Quizzing enthusiasts will know Qatar as the country with the highest per capita GDP in the world. A few more may know it as the host nation for the 2022 Football World Cup, but not all of us will be able to place the tiny Middle Eastern country on a map and its easy to see why. The country is smaller than Montenegro in size and has just over 300,000 citizens. Doha, the only sizable city in the country is generally overshadowed by the regional superstar metropolis Dubai as the go to destination for people looking to experience the desert, magical Arabian nights and to get a glimpse of the oil wealth that has completely transformed the region in a matter of a few decades.
However, for those who have been rather taken aback by the rather cold weather that has been persisting in Wien since December and for travelers who like to indulge in learning different cultures, I would definitely recommend a short stay in Qatar to experience the many delights that this small country has to offer. I would even recommend it over Dubai for people looking for a more quieter, less commercial (and cheaper) vacation. Students on a tight budget may choose cheap flights run by Pegasus or the many other budget airlines that fly there.
To being with, Doha really has one of the most picturesque airports I have been to. Right by the faultless gleaming aqua marine waterfront, a modern highway connects the Doha International Airport to the city. The water, sand, exquisitely maintained lawns and the beautifully designed infrastructure all come together to make it a really special welcome lounge for visitors.
Almost everywhere you go, you get to see the transformation that oil (largely natural gas actually, but lets not get pedantic) has had on the country. Most locals drive big, expensive 4x4s and you see some remarkable constructions wherever you look, but the city does continue to maintain its Eastern charm. Qataris generally dress up in their traditional costumes and you have pockets in the city, where you find old markets (souqs) and other remnants of the old ways of life here. Qatar also hosts some of the best museums highlighting Arab and Islamic Art. A number of scenic locations in Doha have the mesmerizing blue sea as a backdrop and feature architecture that incorporates modernity and tradition in such a seamless fashion that its hard to figure out where one ends and the other begins.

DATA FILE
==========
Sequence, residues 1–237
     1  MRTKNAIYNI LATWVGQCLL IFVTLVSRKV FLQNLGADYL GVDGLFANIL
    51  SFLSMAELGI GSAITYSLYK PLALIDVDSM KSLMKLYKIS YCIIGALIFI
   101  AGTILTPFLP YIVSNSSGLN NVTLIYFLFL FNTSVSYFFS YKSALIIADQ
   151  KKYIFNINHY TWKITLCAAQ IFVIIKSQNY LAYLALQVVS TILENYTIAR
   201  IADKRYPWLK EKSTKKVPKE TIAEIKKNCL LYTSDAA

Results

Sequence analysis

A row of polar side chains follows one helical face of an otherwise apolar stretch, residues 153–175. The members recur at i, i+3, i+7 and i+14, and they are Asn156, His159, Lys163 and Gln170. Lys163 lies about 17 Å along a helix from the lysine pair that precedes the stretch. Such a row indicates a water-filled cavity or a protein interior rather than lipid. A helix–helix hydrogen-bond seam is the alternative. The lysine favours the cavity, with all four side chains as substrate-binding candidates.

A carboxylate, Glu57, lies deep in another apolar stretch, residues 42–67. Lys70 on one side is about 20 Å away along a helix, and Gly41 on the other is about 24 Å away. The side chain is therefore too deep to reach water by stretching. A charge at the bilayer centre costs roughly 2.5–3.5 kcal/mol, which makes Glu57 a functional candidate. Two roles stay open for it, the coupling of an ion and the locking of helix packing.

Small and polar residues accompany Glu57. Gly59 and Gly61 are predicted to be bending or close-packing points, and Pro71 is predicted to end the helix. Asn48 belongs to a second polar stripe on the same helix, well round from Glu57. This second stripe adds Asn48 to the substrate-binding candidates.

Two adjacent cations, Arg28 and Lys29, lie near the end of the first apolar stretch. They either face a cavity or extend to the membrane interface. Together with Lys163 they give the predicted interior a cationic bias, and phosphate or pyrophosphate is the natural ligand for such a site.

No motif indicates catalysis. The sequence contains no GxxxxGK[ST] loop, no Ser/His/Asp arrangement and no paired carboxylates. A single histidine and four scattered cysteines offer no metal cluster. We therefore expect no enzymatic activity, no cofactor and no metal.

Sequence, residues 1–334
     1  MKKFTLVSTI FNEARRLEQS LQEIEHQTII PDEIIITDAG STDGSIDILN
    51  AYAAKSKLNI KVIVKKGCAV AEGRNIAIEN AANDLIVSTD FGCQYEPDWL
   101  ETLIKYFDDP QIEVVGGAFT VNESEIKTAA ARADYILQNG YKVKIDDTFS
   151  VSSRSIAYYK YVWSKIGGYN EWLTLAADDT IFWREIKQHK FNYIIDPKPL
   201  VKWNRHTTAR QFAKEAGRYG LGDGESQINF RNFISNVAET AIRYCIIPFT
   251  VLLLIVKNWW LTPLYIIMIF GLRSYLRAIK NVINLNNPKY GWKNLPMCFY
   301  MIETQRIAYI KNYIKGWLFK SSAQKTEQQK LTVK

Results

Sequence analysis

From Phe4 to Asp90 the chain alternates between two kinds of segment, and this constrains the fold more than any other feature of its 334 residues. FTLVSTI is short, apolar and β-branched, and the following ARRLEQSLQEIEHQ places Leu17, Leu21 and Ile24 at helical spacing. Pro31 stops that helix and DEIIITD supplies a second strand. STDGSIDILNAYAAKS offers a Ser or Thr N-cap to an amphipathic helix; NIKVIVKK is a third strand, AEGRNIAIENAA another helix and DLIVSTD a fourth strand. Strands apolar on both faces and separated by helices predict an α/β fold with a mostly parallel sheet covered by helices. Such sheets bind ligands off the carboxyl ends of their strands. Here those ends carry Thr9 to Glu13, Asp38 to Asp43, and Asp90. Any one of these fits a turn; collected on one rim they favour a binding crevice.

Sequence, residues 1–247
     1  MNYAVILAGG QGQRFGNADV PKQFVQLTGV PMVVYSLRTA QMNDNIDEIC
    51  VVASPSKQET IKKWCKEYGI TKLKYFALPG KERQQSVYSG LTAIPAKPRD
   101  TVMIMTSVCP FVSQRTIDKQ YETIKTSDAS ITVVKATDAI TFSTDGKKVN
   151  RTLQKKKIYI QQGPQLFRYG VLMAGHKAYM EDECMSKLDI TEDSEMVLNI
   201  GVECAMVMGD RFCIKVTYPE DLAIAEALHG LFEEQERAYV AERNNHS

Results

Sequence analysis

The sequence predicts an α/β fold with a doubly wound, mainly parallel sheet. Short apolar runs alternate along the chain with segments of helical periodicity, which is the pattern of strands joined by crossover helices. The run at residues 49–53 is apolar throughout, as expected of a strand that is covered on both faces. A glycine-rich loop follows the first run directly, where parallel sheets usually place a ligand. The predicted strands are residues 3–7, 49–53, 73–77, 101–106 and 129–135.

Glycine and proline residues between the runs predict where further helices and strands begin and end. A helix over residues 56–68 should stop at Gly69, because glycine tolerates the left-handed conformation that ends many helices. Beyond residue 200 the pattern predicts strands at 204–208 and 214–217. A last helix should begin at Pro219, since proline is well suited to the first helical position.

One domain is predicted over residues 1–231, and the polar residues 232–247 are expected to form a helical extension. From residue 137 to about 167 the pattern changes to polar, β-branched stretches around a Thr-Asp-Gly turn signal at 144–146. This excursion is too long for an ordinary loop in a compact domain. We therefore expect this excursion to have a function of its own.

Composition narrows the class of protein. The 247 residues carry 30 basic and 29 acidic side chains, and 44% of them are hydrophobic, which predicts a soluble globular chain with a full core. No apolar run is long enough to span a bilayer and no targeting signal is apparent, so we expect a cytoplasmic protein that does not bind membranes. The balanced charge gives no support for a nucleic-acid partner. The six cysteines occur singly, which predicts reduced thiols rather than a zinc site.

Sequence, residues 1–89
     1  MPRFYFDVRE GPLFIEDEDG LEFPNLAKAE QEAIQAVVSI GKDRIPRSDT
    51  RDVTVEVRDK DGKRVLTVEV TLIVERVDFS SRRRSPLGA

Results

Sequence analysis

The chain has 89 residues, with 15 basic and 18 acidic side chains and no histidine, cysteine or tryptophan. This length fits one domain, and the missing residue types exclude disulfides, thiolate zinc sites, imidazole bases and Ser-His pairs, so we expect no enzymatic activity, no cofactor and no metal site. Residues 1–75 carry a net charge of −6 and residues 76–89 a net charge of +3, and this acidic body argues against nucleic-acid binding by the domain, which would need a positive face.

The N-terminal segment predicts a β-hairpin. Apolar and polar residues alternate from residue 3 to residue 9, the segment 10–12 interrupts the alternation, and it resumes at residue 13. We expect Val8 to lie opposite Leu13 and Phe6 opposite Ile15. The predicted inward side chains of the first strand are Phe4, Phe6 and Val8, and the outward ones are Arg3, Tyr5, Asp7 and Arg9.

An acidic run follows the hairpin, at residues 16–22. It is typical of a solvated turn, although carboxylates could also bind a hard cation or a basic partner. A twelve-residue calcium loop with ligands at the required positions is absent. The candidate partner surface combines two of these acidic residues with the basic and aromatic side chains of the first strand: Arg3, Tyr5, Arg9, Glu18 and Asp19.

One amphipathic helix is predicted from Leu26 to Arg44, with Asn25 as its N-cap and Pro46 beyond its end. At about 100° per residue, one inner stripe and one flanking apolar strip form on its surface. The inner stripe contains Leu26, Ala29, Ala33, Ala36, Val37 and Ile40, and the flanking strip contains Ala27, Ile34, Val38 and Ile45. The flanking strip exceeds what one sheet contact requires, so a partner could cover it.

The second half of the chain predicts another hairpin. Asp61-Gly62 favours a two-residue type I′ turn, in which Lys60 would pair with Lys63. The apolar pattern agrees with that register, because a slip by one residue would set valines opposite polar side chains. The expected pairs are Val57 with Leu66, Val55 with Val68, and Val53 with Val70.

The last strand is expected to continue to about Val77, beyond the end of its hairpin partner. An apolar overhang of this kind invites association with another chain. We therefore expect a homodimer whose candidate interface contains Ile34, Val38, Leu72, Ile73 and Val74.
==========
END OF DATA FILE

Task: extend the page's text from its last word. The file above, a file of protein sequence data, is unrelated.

If you happen to know any locals, you must visit ‘Majlises’ that big families host regularly. Guests are welcome and everyone gets a warm reception and excellent snacks. Most Qataris are extremely soft spoken and have a easy going charm that you will come to appreciate almost immediately. Young locals are usually highly educated and have spent time in (often top) western universities, so you can have interesting, informative discussions with them. The country also attracts a lot of affluent expatriate talent, which means that you may also find people hailing from your nationality if you look around (expats comprise over 80% of the total population).
The best time to visit the country would be from October to March to escape the intense heat and humidity, but if you don’t mind some sun, then just go there in the early or late summer.
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